4. What Stanford Taught Me About Grace (Seth Villegas, personal blog): Seth is an alumnus of our ministry who is currently doing grad work at Fuller Theological Seminary.
  5. Religion and the Republic (David Forte, Witherspoon Institute): the author (a law professor) explains the importance of religious speech in the public square. This seems like a good place to mention one of my favorite academic papers: The Missionary Roots of Liberal Democracy.
  6. From the I‐know‐I‐shared‐this‐last‐week‐but‐want‐to‐share‐it‐with‐the‐new‐students department: How To Stay Christian On Campus (David Mathis, Desiring God): I expected something very different than what I got. Recommended.

Disclaimer

Chi Alpha is not a partisan organization. To paraphrase another minister: we are not about the donkey’s agenda and we are not about the elephant’s agenda — we are about the Lamb’s agenda. Having said that, I read widely (in part because I believe we should aspire to pass the ideological Turing test and in part because I do not believe I can fairly say “I agree” or “I disagree” until I can say “I understand”) and may at times share articles that have a strong partisan bias simply because I find the article stimulating. The upshot: you should not assume I agree with everything an author says in an article I mention, much less things the author has said in other articles.

Things Glen Found Interesting, Volume 4

In the time of King David, the Bible says that the tribe of Issachar produced shrewd warriors “who understood the times and knew what Israel should do” (1 Chron 12:32). In a similar way, we need to become wise people whose faith interacts with the world.

To that end, I share articles/resources I have found helpful recently in thinking about broader cultural and societal issues (be sure to see the disclaimer at the bottom). May these give you greater insight, so that you may continue the tradition of Issachar.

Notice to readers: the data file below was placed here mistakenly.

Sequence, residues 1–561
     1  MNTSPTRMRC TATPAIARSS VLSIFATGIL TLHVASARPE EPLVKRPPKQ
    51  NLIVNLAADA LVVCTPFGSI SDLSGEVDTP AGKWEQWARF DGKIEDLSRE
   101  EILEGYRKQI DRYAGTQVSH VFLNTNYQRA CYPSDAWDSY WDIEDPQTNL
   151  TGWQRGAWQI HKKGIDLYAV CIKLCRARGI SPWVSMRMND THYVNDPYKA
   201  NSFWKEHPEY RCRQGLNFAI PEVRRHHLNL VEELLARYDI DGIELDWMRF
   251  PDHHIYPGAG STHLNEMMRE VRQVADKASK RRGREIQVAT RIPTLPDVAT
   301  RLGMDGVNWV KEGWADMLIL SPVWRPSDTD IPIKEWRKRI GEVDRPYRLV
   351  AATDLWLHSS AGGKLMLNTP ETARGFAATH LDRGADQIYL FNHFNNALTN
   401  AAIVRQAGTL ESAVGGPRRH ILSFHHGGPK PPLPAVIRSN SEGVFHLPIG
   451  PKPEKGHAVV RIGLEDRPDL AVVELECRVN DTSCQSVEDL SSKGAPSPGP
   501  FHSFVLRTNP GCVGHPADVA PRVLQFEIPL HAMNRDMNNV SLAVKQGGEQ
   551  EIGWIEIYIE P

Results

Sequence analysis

1. From the Charleston department:
    1. Why A Black Church? (Emma Green, The Atlantic): the last paragraph was like a punch in the gut.
    2. In this moving Youtube clip, representatives from the families of the victims forgive the shooter in court and call upon him to repent. It sounds as though several of them were actually there when the shooting happened and interacted with the shooter in the hour beforehand.
    3. The Charleston Shooting is the Largest Mass Shooting in a House of Worship Since 1991 (Sarah Pulliam Bailey, Washington Post): this is an informative overview of the history of mass violence at religious organizations in the US. I noticed one typo in the article — it refers to 176 deaths when I am pretty sure it should have referred to 176 violent incidents leading to 74 deaths in 2014.
    4. Black Americans Are Killed at 12 Times the Rate of People in Other Developed Countries (Nate Silver, FiveThirtyEight): this is probably the most depressing thing I read on a day of reading depressing things.
    5. The story of the lady who busted the shooter is a more encouraging one. “It was God’s way of putting her in the right place at the right time, the Gastonia woman said.”
  2. From the clarity is important department: Is Mormonism Christian? (Roger Olson, blog): Olson, a theologian, gives a very thorough and helpful answer to the question. It’s really long, so if you just want the summary jump to the last paragraph.
  3. From the misunderstood research department: The Real Lesson of the Stanford Prison Experiment (Maria Konnikova, New Yorker): interesting for several reasons, among them the fact that we walk past the site of the experiments regularly.
  4. From the sin is pervasive department: All Your Clothes Are Made With Exploited Labor (Gillian B. White, The Atlantic): even the most conscientious companies are unable to keep their products oppression‐free.

Disclaimer

Chi Alpha is not a partisan organization. To paraphrase another minister: we are not about the donkey’s agenda and we are not about the elephant’s agenda — we are about the Lamb’s agenda. Having said that, I read widely (in part because I believe we should aspire to pass the ideological Turing test and in part because I do not believe I can fairly say “I agree” or “I disagree” until I can say “I understand”) and may at times share articles that have a strong partisan bias simply because I find the article stimulating. The upshot: you should not assume I agree with everything an author says in an article I mention, much less things the author has said in other articles.